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Saturday, March 19, 2005 

The Olympic Gold for Scapegoating Goes to Greece

Yesterday, the disgraced Olympic medallist Greek sprinters, Ekaterina Thanou and Costas Kenteris were acquitted of charges that they dodged three drug tests leading up to the Athens 2004 Olympics. SEGAS, the Greek Amateur Athletics Federation, instead laid the entire blame for the missed tests on their coach, Christos Tzekos.

Greece's two most popular Olympic medal winners, Costas Kenteris and Ekaterina Thanou were supposed to take a drug doping test prior to the Athens 2004 Olympics. On the eve of Opening Night, they were involved in a suspicious motorcycle accident which sent them to the hospital for 5 days with injuries which prevented them from taking the doping tests. These 'injuries' could not be confirmed by other doctors 48 hours later, nor could the accident itself be confirmed leading many to believe that it was purposely staged to avoid the doping tests. Considering that they also missed doping tests in Chicago and Chania, Crete as well, a pattern of missing the dope tests became apparent and therefore, charges were laid against the two sprinters and their coach.

The story becomes more interesting since two years prior to the August 2004 scandal, the IAAF (International Association of Athletics Federation) "demanded better cooperation from Greek athletes in anti-doping tests to "avoid unnecessary embarrassment" before the 2004 Olympics. A report by the IAAF's anti-doping commission in Monaco said many Greek athletes cannot be found for out-of-competition tests for banned substances." SEGAS responded with the usual hyperbolic Greek victim defence... "Who created this non-existing issue? Obviously those in Greece and abroad who lead this orchestrated attack on Greek track and field." SEGAS dismisses the concern as non-existant and slams anyone for even asking about it. Had they listened to the IAAFs advice back then, maybe Greece wouldn't have found itself disgraced on the opening day of the Olympics.

Then, in February, 2004, Christos Tzekos used the same defence when his name was involved in an American investigation of banned substances with a company called Balco in San Francisco. He described the mention of his name in the report as "“immoral and cowardly attack,” while threatening to take legal action against other “groundless reports and slanderous remarks.” Of course, SEGAS defended him back then calling the reports "anti-Greek propaganda and an insult to Greek athletics". Fast forward one year and those reports aren't so groundless or slanderous since SEGAS decided to lay the entire doping saga on his shoulders alone.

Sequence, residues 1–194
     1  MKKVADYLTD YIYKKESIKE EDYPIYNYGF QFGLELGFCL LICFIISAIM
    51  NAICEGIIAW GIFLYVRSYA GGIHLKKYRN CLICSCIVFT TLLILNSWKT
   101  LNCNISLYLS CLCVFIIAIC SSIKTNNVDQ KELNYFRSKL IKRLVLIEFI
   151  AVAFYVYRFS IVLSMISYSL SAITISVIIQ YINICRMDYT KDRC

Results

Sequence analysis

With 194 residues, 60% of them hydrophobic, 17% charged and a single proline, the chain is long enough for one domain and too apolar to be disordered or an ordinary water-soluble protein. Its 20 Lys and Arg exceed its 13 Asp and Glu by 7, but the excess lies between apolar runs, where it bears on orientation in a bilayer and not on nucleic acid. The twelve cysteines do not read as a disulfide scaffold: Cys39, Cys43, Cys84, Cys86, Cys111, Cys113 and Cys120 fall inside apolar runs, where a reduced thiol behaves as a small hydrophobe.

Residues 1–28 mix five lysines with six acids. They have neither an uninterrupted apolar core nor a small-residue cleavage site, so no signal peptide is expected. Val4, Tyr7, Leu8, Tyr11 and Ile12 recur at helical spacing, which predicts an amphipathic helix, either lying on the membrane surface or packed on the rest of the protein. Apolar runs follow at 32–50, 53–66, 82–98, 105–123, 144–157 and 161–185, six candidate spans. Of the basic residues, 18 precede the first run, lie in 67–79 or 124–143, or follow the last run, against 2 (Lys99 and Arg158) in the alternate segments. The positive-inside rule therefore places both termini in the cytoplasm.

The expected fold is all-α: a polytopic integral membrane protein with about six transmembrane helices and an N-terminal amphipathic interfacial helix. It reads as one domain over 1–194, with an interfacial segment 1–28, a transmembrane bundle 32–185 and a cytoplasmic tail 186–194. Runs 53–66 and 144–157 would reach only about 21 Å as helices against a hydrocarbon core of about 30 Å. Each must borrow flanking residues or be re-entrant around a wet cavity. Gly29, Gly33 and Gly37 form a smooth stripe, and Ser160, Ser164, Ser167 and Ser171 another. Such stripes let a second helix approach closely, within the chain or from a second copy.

Even the Greek doping inspector, Psarellis testified that he was warned by SEGAS to be"less stringent" in performing the doping tests or locating the Greek athletes. Again, SEGAS responded by calling these allegations "slanderous and lies".

The verdict came as a shock to many but considering SEGAS' history of not heeding warnings, non-cooperation with international athletics governing bodies and repeated denials of any wrongdoing or incompetence, it really shouldn't have come as a surprise. They couldn't admit to any responsibility for not having taken appropriate measures to prevent the doping scandals which plagued the Greek athletes at the 2004 Olympics. They certainly couldn't admit that the same athletes they had vouched for as being drug-free, were, in fact, dopers so they did the next best face-saving thing...they pinned all the blame on a dispensable coach.

I do hope that the IAAF appeals this scapegoat decision and forces SEGAS to clean up its act because the country famous for the creation of the Olympic games may end up being the country notorious for providing scandals and not athletes to future Games. Future athletes deserve to perform without a cloud of suspicion over their heads and the fans deserve drug-free performances from their athletes.

Well, hopefully the reputation Greece suffers from this won't be long lasting and too severe.

Imagine the public perception if this cloud is still hanging and the Olympic Committee decides to let Greece hold the 100th Olympiad.

Wasn't America given a cold reception by some nations in the '00 Olympics or the last one?
Albeit, for very different reasons.

To blame the coach and not the athletes for their ACTIVE part in missing dope testing renders the decision suspect. That's like a smoker blaming a tobacco farmer for the fact that they smoke. SEGAS, Tzekos AND Kenteris and Thanou are 100% fully to blame for the disgrace they caused Greece at a time when Greece spent billions they didn't have to shine in the world spotlight. In my opinion, the all ought to have their citizenship revoked for the shame and embarrassment they caused an entire nation. I never heard any of them apologize even once for their irresponsible and cowardly actions.

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